But that’s part of the niche the lodge is trying to carve out for itself in a competitive tourism market – people can feel that they have visited a picturesque landscape that has a story to tell.

“It used to be like the Wild West around here,” du Plessis says.

That history becomes part of the park’s allure, along with its isolation.

It almost has to, because other parks are easier to reach, or hold more name recognition for tourists coming from afar.

But it is impossible to discuss Karamoja’s allure without facing the reality of everyday life here.

The region is quietly enduring a humanitarian crisis that, until recently, went unnoticed by nearly every international aid organization.

One million people, all but left behind by post-Idi Amin Uganda, suffer from malnutrition levels of Darfurian proportions and die in numbers that elsewhere attract massive relief efforts.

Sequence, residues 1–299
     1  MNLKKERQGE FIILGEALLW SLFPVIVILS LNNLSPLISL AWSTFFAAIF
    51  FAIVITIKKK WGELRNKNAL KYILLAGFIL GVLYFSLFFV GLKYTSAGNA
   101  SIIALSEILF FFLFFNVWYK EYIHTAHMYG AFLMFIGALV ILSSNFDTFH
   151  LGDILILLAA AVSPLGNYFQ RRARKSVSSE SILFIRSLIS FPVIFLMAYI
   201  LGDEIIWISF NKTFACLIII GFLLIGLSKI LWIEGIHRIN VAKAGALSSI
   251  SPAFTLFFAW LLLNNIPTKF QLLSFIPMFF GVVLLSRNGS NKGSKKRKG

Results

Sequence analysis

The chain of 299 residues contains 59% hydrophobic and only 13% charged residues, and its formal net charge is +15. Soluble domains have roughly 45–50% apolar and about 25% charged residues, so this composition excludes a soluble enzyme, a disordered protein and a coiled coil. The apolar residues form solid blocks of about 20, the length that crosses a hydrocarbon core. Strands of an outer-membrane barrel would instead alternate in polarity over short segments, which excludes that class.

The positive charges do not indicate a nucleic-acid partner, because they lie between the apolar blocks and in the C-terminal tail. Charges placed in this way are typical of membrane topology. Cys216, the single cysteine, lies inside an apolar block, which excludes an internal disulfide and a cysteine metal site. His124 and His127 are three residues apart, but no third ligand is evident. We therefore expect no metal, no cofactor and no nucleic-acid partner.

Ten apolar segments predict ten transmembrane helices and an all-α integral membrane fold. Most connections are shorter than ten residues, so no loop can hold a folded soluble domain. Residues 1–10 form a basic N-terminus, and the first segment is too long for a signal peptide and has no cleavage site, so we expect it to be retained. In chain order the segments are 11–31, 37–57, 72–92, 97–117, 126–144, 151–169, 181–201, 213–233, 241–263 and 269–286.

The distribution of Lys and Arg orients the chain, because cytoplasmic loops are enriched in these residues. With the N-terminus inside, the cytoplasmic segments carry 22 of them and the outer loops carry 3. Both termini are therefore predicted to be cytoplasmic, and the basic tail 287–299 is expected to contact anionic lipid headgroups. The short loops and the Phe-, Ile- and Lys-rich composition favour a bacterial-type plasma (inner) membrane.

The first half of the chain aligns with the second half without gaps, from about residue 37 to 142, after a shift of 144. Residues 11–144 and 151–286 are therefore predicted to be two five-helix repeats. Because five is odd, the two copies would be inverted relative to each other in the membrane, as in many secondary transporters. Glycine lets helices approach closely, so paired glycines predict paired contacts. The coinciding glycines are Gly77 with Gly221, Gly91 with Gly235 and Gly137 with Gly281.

Karamoja’s child survival rate is among the worst in the world, life expectancy is 37 years and families mostly live in the dark, save for one town that has a generator, plus a few hospitals, government buildings and Kidepo’s lodge that can afford solar power or generators.

Before the lodge opened in January 2006, one has to go back to the late 1970s to find the last effort to attract tourists here.

It lies in ruins across the valley, within full view of the lodge’s poolside deck chairs. The “Amin Hotel,” as it is now called, was built at the end of Idi Amin’s dictatorship to boost tourism in the park, but war broke out before the hotel could host its first guests and it has sat empty ever since.

A drive in Kidepo offers a chance to observe animals of all sorts.